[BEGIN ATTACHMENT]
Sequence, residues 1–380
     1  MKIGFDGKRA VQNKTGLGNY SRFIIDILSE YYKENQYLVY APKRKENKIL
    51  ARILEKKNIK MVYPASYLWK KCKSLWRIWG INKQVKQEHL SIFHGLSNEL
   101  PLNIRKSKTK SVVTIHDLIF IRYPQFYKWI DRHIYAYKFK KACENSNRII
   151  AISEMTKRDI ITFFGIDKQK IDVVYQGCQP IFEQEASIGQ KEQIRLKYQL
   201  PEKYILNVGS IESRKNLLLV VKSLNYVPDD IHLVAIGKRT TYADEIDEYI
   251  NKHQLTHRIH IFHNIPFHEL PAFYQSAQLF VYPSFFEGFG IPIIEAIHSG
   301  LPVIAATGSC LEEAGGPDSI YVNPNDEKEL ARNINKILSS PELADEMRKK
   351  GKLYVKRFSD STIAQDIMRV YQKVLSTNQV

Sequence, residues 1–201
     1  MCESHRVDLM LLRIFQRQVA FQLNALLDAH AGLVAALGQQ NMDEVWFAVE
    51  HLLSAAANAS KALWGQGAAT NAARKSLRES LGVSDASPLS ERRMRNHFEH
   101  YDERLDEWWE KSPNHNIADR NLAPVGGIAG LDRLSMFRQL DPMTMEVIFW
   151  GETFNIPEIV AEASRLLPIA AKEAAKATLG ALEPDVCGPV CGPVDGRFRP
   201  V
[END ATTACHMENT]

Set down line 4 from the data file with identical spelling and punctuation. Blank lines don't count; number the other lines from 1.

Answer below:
   101  PLNIRKSKTK SVVTIHDLIF IRYPQFYKWI DRHIYAYKFK KACENSNRII